Last night was horrible.  Trent had been doing the bowel prep for surgery and was miserable.  At 5:30 eastern time, 3:30 mountain time, I finally gave up and took a shower, knowing I would not be going back to sleep.  We got to the hospital early for pre-op.

We met with AMAZING nurse practitioner named Donna.  She was perfect for me today.  She totally listened to everything I had to say and was 100% in my corner.  I was nervous that Trent was too sick for surgery and knew he REALLY needed blood.  She kept saying, "You know your husband better than anybody and all you have to say is, 'I feel uncomfortable with...'"  After visiting with her we went straight to Dr. Sugarbaker's clinic and demanded to see a PA.  They finally tested everything and the results were shocking.  His blood pressure was 65/32, his temperature 94 degrees.  He hematocrit was 21 and his hemoglobin was 6.7!  I was mortified!  His kidneys and liver were in failure!  They took him straight down to the ER because a room would not be available upstairs for another 5 hours.  In the ER his blood pressure dropped to 50/? they couldn't even get a diastolic reading.  They did an ultrasound of his heart and as soon as I saw that black screen I knew what was happening.  His pericardium was filled with fluid.  Normally there is 100-150 cc of fluid there but his was filled with 1 1/2 liters!  I had to sign all sorts of consent forms to put a tube under his xyphoid process to remove fluid from his pericardium.  If they couldn't do that quickly enough they would him open him up, possibly spilling cancerous blood into his abdomen.  They ushered us out of his room and whisked him away.

I was really calm all day.  I didn't shed a tear through it all.  When Dr. DaSilva came back to talk to me he told me he removed all the fluid from around his heart and that surgery was not going to happen tomorrow.  Ya think!?  The fear now is that fluid around his heart has cancer in it, or the heart has cancer in it.  Test results will come in a couple of days.  Dr. DaSilva said that would change the surgery strategy.  He also mentioned that the surgery was palliative care.   What!?  I said that my intent was a cure and was told that the surgery was curative.  He stumbled all over himself and said that they never said that.  WRONG!!!  I would not have dragged Trent clear across the country for palliative care!  However, what he said does not change how I feel.  Trent will make it through this.  I KNOW that!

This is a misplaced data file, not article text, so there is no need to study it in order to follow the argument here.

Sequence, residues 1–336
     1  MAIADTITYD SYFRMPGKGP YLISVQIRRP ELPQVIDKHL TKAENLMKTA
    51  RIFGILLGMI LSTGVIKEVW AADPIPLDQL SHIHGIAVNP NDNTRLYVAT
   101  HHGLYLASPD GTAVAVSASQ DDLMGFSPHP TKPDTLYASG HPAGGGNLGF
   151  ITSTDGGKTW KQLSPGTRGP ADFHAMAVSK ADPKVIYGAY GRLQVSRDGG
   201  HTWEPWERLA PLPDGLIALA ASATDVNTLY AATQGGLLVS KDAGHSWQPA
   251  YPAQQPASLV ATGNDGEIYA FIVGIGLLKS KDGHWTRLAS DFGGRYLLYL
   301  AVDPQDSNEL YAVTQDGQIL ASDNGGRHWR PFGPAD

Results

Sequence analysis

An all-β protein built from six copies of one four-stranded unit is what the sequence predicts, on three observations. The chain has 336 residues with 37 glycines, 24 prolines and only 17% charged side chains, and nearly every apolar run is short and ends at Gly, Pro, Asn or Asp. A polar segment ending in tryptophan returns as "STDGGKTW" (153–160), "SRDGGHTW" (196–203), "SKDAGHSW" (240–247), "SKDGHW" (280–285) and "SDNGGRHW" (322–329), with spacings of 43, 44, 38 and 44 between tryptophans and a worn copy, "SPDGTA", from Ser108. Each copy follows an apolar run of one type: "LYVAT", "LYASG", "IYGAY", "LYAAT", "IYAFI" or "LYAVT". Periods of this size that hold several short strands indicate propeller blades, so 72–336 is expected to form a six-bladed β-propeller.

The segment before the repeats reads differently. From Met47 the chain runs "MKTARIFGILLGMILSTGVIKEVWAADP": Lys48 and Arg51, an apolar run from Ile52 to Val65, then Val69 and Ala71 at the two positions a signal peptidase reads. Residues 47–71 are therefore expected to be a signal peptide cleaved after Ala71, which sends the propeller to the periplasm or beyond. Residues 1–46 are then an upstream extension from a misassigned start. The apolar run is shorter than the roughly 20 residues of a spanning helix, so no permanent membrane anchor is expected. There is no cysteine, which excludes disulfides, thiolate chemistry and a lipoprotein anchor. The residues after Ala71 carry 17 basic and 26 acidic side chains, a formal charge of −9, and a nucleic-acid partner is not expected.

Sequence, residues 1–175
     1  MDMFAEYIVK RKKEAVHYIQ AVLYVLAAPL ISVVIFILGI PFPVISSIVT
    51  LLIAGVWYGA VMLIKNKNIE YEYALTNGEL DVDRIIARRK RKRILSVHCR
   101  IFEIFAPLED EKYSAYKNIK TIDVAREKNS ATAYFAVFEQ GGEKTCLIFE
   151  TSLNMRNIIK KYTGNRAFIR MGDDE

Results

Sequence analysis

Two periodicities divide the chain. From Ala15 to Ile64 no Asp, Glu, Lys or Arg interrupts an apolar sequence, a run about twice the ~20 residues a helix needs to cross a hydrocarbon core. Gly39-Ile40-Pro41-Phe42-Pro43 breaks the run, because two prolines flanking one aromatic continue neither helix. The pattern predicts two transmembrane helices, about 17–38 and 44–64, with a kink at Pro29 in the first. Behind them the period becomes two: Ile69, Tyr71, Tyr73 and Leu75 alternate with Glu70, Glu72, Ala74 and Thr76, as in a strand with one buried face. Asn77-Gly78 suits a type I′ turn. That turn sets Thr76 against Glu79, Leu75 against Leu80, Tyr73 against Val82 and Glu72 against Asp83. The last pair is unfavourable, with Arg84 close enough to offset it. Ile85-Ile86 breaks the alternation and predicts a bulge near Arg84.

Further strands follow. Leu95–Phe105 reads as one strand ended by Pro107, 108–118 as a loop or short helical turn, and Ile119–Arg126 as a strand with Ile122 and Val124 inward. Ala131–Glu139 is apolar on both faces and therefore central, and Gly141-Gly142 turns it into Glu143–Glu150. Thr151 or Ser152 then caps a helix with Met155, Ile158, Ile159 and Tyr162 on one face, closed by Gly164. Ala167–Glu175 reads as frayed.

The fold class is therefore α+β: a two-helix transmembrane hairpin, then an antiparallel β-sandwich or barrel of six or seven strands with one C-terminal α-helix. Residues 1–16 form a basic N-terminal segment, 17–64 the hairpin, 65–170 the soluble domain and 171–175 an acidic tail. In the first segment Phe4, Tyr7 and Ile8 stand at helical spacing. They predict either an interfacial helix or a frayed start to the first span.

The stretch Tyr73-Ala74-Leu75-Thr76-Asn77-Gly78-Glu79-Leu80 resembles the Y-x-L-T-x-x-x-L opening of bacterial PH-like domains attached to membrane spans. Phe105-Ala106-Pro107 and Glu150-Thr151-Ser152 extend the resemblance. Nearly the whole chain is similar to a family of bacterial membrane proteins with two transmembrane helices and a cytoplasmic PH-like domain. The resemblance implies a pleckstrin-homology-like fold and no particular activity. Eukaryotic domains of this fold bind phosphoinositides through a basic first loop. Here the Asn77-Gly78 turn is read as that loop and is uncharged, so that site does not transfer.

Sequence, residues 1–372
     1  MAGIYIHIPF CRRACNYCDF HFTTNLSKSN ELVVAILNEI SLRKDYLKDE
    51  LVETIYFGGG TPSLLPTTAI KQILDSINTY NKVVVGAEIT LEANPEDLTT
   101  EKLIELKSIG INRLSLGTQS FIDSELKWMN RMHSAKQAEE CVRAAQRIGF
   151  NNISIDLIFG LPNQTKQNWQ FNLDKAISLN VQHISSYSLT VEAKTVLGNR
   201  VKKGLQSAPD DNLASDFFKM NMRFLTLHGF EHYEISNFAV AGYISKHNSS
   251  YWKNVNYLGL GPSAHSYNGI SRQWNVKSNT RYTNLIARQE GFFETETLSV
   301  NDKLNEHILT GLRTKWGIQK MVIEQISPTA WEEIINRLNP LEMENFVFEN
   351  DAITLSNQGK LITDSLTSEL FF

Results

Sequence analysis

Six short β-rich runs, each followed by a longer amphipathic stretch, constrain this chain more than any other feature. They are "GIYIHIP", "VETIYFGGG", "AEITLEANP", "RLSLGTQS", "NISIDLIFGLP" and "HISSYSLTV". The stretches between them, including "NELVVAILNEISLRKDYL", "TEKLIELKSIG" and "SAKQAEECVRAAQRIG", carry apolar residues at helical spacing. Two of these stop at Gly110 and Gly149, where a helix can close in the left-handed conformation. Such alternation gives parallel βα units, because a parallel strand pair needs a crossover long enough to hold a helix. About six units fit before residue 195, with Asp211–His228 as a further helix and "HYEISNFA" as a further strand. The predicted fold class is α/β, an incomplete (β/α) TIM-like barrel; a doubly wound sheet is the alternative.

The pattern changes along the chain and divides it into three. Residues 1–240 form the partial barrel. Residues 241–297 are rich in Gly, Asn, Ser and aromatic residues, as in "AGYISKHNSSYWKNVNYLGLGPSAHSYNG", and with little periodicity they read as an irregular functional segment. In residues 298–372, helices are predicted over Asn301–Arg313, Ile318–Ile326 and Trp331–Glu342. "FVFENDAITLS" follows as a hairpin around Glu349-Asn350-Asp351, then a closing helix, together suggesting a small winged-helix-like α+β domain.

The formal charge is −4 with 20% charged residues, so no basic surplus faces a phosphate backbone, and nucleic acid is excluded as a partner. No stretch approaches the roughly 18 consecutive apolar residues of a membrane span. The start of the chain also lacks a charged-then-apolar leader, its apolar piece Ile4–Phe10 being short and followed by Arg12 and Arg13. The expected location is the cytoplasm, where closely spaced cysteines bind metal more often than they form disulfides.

As we were sitting in the ICU waiting room it was like I was in a fog.  I couldn't hear anything except my pleas to Heavenly Father.  There was a woman about 50 feet away from me speaking about her loved one on the phone.  Out of everything else that was going on, I clearly heard her say, "This is just a minor setback, he's going to be just fine."  It clicked.  That was intended for my ears only.

We finally got to see Trent.  He didn't remember anything and was kind of loopy on meds still.  When I had to say goodbye for the night I let some tears slip.  Trent had no idea he almost died today.  He does not remember any of it.  Lucky him.

Nate was great all day.  I barely spoke to him at all.  I was totally inside my own brain.  It was nice that he understood that.  We finally made our way back to the hotel.  I walked in my room, dropped my bags and fell to my knees.  I prayed and cried and prayed and cried.  After a few minutes my tears just stopped.  I felt so calm.  I KNOW Trent is going to live.  I felt such a feeling of peace that I was being heard.  Obviously the path has changed somewhat and the road may be longer and even more difficult than we planned.  But we have not been left alone and I felt that.

Sunday, December 4, 2011

One of the Hardest Weeks Yet

The past week has been one of the worst yet.  Trent has been extremely ill and has not really gotten out of bed at all.  The few times he was up it was only to get clean clothes on and go lay on the couch instead of the bed. He has been in a tremendous amount of pain.  I called Katie at the Huntsman to get some help with the pain.  They couldn't get Trent into the pain clinic because they are booking patients three weeks out.  Dr. Gouw suggested alternating Ibuprofen and oxycodone to help with the pain from the pneumonia.  He also increased the dose on the oxycodone and that has helped quite a bit.

Trent is really needing a blood transfusion.  I am going to call the Huntsman tomorrow and see if they will test his blood and get him some more blood before we leave.  I am a little nervous about traveling with him when he is so weak.  I will probably have to put him in a wheelchair and have him drag the suitcases on each side.  I guess that is not so bad.  I just hope he can handle it and the travel doesn't wear him out completely.

I am really looking forward to going to Boston.  I dread each night and am counting down to the time that someone else has to worry about keeping Trent alive.  I am relieved every morning to see that he has made it through the night.  He hasn't been sleeping well and it is very painful for him to lay down.  It puts a lot of pressure on his heart and his lungs.  Unfortunately he is so weak he doesn't like to be up much.

We are getting ready to leave on Tuesday.  Our Christmas preparations are mostly done.  We are going very low key this year.  Jarom has already written a letter to Santa to ask him to come to our family when Trent and I come back.  So, I really have a little more time to prepare.  We are hoping to be back by the end of December, if all goes well.